According to a recent study, New York is the only US city with a significant rail network where ridership has increased since 2012, while it has actively decreased in other major U.S. cities.
Worth noting is also that that the majority of U.S. cities with popular public transit systems are often northern and coastal (like Washington, Boston and San Francisco) with only one southern city is deemed comparably good (Houston).
There are many underlying reasons as to why it has become this way. One is political, with reports of gasoline and asphalt producer Koch Industries financing activists to go door to door, to recruit locals to vote down plans to build light-rail trains, a traffic-easing tunnel and new bus routes.
Existing public transport is also often plagued with both safety and functional problems. Some of the problems include the fixation of mistakenly prioritize reach over frequency. American travellers want buses and trains to go everywhere as opposed to a few trains that come all the time. This desire is in stark contrast with the fact that it’s better to have a few lines with frequent trains, rather than many lines that leave once every two hours.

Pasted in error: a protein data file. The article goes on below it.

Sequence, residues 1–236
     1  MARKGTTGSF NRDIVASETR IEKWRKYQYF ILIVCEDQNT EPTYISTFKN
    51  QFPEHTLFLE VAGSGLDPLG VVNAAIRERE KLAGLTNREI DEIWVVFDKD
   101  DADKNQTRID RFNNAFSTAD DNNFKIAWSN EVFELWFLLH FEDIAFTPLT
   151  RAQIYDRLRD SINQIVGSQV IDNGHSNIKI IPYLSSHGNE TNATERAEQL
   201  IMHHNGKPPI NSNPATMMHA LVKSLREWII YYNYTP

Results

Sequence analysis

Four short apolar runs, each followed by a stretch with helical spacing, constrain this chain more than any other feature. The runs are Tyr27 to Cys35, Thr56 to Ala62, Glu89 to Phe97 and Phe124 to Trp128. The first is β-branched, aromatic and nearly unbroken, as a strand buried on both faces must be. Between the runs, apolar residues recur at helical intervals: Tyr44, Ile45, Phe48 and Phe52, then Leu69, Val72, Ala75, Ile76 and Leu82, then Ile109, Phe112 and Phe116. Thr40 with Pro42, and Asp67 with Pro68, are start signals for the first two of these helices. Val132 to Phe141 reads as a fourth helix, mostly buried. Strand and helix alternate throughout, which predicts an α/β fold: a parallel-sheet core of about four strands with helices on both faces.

The most fundamental issue however (that may need to be dealt with to ensure change) is the fact that Americans view public transit as a welfare system for those who can’t afford to drive their own car.
With the mentality that public transport is only an option for people who can't afford to choose the car, it is no wonder Americans are hesitant toward it. With more mobility services being created everyday a third option is taking form – the merger of car usage with public transport. Maybe the transition to a higher usage of U.S. public transport systems lies in combining it with other mobility services.
Written by Mahdere DW Amanuel, RISE Viktoria.